One guy came in with a farily nasty bite on his hand because he tried to PET A FERAL CAT.
He told us all about his rescue attempt of a SKUNK WHO HAD BEEN HIT BY A CAR.

Are you kidding?

"Yeah", he said, "That thing scratched me up pretty good, but as soon as I put it in my car the thing SPRAYED me!"

We really aren't supposed to say "What th fu*k?", it's not too professional. I couldn't help but ask "Um, what did you have in mind when you put that wild creature into your car?" to which he replied. "Well if we had called animal control, they would have just killed it".


Oh, of course I completely understand now.

I live in a semi-rural area; I'm not talking Allagash here, but the houses on my street are at least 3 acres apart and is bordered by woods. One of my neighbors who lives at the end of my cul-de-sac- was attacked by some sort of 4 legged critter--in broad daylight. It was first thought to be a fox, then a coyote, then a fisher cat, then a wolf. Whatever it was, it was going after their horses; they are beautiful draft horses, and let me tell you they are BIG. The family also has some unidentifiable large dog the size of a pony, but they kept that in the house. The woman went out with a stick and started yelling at it while one of the kids called 911. Whatever it was, the animal turned on her and latched on just above the elbow; she was literally beating at it with the stick but it wouldn't let go. She finall managed to pick up a rock and bashed it in the nose; it let go and ran off. She said it couldn't have been more than 15 seconds, but it seemed like hours. The whole time she was afraid one of her kids would come out to join the fracas. We cleaned her up, did some xrays, updated her tetanus, and started the rabies series. A few days later when she came back for her next dose she was a mass of bruises. And, she said, the critter had returned but they had managed to scare it off with a BB gun and her son's slingshot, but from the back porch. Whatever works I guess.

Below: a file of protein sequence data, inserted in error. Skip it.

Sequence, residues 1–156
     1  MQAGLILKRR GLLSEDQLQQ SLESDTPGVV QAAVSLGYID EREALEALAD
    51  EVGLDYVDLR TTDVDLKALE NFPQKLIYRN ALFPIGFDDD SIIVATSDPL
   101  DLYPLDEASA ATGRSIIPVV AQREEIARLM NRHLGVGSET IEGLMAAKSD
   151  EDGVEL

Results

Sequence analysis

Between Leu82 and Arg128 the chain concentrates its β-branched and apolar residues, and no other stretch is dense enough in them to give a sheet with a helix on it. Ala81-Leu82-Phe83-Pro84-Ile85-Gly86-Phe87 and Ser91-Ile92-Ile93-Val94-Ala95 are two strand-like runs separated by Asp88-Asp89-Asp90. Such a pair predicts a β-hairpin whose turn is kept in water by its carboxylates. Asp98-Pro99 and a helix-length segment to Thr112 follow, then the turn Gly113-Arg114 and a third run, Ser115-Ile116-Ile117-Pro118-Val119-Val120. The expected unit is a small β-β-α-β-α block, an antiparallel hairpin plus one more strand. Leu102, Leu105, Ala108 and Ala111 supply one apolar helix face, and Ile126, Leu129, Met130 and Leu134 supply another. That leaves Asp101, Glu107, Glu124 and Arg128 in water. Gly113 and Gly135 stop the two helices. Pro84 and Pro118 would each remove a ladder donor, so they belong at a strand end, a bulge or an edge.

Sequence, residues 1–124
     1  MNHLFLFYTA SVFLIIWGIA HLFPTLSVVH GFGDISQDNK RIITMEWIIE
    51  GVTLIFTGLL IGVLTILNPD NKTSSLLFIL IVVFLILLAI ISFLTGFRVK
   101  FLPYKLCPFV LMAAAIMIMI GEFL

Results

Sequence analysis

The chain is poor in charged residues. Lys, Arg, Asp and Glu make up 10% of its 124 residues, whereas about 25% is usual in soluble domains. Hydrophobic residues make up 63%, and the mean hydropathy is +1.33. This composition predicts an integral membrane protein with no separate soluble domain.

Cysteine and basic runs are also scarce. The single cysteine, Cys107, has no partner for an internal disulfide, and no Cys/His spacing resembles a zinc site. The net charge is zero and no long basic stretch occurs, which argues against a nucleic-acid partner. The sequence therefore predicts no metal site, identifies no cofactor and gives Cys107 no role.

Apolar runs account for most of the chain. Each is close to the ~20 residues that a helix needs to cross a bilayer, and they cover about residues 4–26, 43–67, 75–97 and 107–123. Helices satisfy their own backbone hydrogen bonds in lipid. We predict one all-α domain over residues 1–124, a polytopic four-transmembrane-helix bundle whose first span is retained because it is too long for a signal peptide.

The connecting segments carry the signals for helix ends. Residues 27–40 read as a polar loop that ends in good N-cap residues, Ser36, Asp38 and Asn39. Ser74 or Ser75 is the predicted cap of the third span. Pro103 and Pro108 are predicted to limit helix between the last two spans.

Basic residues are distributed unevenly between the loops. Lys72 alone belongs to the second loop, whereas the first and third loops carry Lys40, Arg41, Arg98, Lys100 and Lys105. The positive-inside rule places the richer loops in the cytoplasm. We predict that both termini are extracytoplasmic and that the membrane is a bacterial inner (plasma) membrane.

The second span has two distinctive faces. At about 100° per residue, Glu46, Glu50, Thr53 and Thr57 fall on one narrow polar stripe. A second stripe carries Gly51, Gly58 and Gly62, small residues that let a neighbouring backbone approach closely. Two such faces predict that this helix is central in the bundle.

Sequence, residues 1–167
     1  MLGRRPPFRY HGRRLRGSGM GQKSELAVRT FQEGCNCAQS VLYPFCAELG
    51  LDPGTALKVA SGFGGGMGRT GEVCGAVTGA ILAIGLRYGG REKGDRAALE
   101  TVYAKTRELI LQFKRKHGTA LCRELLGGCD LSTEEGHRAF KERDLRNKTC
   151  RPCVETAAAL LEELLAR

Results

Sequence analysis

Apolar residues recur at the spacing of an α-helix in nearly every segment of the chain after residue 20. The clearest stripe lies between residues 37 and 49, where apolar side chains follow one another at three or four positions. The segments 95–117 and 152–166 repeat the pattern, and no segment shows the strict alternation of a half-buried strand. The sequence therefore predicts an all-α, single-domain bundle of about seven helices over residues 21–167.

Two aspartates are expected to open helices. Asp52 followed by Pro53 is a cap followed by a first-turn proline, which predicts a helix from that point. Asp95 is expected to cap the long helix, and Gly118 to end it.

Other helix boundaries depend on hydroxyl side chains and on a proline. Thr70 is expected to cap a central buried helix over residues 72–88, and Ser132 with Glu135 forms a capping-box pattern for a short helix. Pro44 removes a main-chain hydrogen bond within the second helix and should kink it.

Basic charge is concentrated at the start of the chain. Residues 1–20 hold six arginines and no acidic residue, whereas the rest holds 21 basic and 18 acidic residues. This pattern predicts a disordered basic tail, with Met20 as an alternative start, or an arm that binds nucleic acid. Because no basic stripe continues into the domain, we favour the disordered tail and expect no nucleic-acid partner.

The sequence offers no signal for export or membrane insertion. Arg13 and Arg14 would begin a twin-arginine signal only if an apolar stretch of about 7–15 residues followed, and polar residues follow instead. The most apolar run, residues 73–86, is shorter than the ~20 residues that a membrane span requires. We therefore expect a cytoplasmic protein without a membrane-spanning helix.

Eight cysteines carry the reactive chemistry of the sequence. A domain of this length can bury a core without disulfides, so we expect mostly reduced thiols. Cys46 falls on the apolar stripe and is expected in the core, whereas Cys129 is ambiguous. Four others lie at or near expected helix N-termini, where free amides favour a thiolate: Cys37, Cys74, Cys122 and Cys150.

Speaking of biting critters, one of my co-workers, Sherry, goes to Alaska every summer to canoe down random wilderness rivers above the arctic circle. She and her husband are gone weeks at a time. They eat a lot of jerky and soup because they neither fish nor hunt; they are very concerned about their carbon footprint. Sherry and hubby have done these trips for years, loving peace and solitude, the beauty of their surroundings and usuallythe abundance of wildlife.